Gardens, while lovely, can also harbor poisons that are dangerous for your pet. Here are some common outdoor offenders and alternatives for making your garden a safe, beautiful space.
Baby’s breath Seen in almost every floral arrangement, this seemingly innocent flower can wreak havoc with pets’ digestion. An almost identical and non-toxic replacement is double bridal wreath (Spiraea cantoniensis).
Daffodil Most gardeners will defend their spring-time daffodils with a vengeance, but Fluffy or Fido could swipe a taste when your back is turned. Yellow orchids look very similar to daffodils and are non-toxic.
Lily - So many lily varieties are highly toxic to cats that if you’re in doubt, don’t plant any of them. Ingesting even the tiniest bit can cause kidney failure in cats. Oddly, lilies are non-toxic to dogs. If you have a cat and a lilly obsesson, resurrection lilies are safe to plant.
Morning glory Distinguished by opening its bloom in the morning and closing it again at night, this flower is like LSD for animals, complete with hallucinations and disorientation. Petunias stay open all day and present no harm to dogs or cats.
Oleander This pretty bush should come with a warning sign to ward away both humans and animals. Every part, from flower to root, is highly toxic and should be avoided. Plant the innocuous ixora instead for a red-colored alternative.
Sago palm Common in temperate regions, sago palms assume the twin roles of popular landscaping plant and frequent bonsai choice. All parts, especially the seeds, are highly poisonous, yet dogs and cats find them very tasty. Bamboo palms are less spiky and don’t have the characteristic bulb base, but your pet will survive if they take a bite out of it.
Cocoa mulch Cocoa mulch is probably the most controversial type of mulch, the theobromine (and caffeine) contained in the cacao shells cause adverse reactions in dogs and cats. While many cocoa mulch manufacturers claim to have changed their processing methods to remove these two compounds, the safest route is to avoid it entirely.
Pine, cedar, and hemlock mulch Toxins aren’t a big concern with natural wood mulches, and they are a safer choice than using cocoa mulch. But choking or allergic reactions are a possibility. Some mulch pieces, if ingested, can also perforate a pet's stomach lining when ingested. If using these mulches, make sure you always supervise your pet.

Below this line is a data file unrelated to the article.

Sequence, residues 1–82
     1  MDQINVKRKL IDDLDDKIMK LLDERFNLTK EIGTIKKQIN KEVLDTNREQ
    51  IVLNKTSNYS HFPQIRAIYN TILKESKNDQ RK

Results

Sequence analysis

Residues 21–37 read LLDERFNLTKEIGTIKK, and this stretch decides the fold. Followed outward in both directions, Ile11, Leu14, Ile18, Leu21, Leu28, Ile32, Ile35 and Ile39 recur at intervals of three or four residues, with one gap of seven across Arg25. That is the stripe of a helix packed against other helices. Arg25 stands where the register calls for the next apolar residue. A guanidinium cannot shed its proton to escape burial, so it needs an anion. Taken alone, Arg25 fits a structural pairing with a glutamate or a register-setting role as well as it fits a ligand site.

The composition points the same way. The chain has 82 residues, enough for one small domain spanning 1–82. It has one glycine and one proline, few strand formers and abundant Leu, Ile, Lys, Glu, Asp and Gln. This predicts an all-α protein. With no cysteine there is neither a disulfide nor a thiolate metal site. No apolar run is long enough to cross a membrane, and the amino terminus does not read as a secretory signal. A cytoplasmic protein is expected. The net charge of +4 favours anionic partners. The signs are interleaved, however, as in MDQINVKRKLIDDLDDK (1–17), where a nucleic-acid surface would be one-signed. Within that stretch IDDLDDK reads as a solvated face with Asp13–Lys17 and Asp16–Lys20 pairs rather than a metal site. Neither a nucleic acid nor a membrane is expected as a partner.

Rubber mulch - This type claims to be chemical free, but plastic is far from a natural substance. And similar to the wood mulches, the rubber variety could present a choking hazard.
A safe alternative to all of these mulches is stone or rock mulch. However, this type of mulch doesn't provide nutrients into soil for plants. Hard mulches also absorb heat and can stress certain varieties of plants. But if you want to keep your pet safe and your garden looking good, rock and stone do make lovely additions to your landscaping.
The safety claims made by synthetic fertilizer manufacturers that produce “dog-safe” fertilizer base the lack of danger on the absorption speed of the chemicals into your lawn. To theoretically keep Fido from harm, he must be kept off the lawn for a designated amount of time. When heavy rainstorms come, however, some trace amounts of chemical may spring up to the surface from puddling.
Worm castings, kelp, fish emulsion, peat compost, and composted manure are recommended as safe alternatives. Regardless of what you use, keep your pet away from any natural fertilizer until it has been completely worked into your grass so that none of it can be eaten by your dog or cat.
With a little knowledge, common sense, and effort, your garden can be both beautiful and pet-safe. For a more comprehensive list of harmful plants, visit the ASPCA Toxic and Non-Toxic Plants website.
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